Chris Min

My first musical instrument was the Scottish bagpipes. Strangely enough, this happened because I attended a small parochial school in Houston, Texas, where a Scottish highland dancing champion and teacher retired next to my school principal. Music and arguably dancing have been part of my life since I was 5 years old. Shortly after starting the bagpipes I started learning to play the violin.

At the age of 11, my family moved to West Des Moines, Iowa, where I dropped the bagpipes but continued my studies on the violin. Unfortunately, I had typical immigrant Korean parents who were thrilled when I practiced but dismayed when they felt I took music too seriously. There was a key period at around age 14 where I got obsessed with violin, progressed rapidly, and probably spent up to 3 hours a day practicing but eventually hit a wall. My teacher could not help me and my parents did not allow me to change, so I desultorily stopped putting much effort in from age 16 to college.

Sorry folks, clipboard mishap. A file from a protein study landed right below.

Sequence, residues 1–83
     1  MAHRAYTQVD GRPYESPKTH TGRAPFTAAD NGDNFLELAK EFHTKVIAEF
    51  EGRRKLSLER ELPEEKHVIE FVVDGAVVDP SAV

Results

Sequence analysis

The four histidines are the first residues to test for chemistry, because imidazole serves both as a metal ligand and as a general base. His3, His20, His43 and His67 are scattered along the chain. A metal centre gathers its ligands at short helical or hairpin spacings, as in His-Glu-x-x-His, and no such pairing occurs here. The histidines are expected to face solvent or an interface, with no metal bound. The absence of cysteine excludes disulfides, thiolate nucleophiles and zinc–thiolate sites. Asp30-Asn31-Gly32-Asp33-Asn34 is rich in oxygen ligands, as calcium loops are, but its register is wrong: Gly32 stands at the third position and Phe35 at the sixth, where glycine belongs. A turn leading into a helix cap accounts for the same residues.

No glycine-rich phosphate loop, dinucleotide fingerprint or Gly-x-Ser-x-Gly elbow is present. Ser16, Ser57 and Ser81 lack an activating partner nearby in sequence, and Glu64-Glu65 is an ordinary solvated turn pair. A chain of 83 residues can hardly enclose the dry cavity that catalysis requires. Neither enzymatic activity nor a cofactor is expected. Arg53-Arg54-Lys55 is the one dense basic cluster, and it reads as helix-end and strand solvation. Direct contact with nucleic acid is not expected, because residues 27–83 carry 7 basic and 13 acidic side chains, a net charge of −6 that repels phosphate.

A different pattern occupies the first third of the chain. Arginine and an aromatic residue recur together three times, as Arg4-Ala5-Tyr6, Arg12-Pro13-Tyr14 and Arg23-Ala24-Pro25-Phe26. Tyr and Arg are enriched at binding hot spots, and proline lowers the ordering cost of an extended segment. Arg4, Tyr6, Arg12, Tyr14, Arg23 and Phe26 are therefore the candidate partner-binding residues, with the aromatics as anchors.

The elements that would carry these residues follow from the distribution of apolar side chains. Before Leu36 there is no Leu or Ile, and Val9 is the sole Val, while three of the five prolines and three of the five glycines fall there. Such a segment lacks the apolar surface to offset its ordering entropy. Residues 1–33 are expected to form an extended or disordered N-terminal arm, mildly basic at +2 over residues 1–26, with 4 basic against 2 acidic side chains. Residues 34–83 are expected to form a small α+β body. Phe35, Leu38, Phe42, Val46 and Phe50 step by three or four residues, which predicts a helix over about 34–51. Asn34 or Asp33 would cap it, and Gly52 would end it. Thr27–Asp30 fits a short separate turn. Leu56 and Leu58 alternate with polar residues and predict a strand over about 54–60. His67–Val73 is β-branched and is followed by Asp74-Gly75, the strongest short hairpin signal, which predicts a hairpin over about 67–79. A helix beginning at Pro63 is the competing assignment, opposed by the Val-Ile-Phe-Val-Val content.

While at Harvard I studied with Daniel Stepner at the Longy School. However, being a biochemistry major headed to an MD/PhD program, not to mention running the Harvard-Radcliffe Orchestra, I must admit not devoting enough time to my musical studies. Nonetheless I did take a chamber music course, Music 180, with Lynn Chang and Leon Kirchner.

After moving to New York for my graduate studies, I studied with various pedagogues on and off over the years. Currently, I’m working with Alex Fortes and am a member of a community chamber orchestra called Camerata Notturna. Most recently I did a solo recital in June 2019 where I performed an hour of music—the first recital I had performed since I did one in graduate school at The Rockefeller University as part of their Friday noon Tri-institutional music program.

While I have never taken the baton before, I would very much like to have the experience of trying to convey musical ideas through  the playing of others, and am grateful to have the opportunity to participate in this conducting workshop.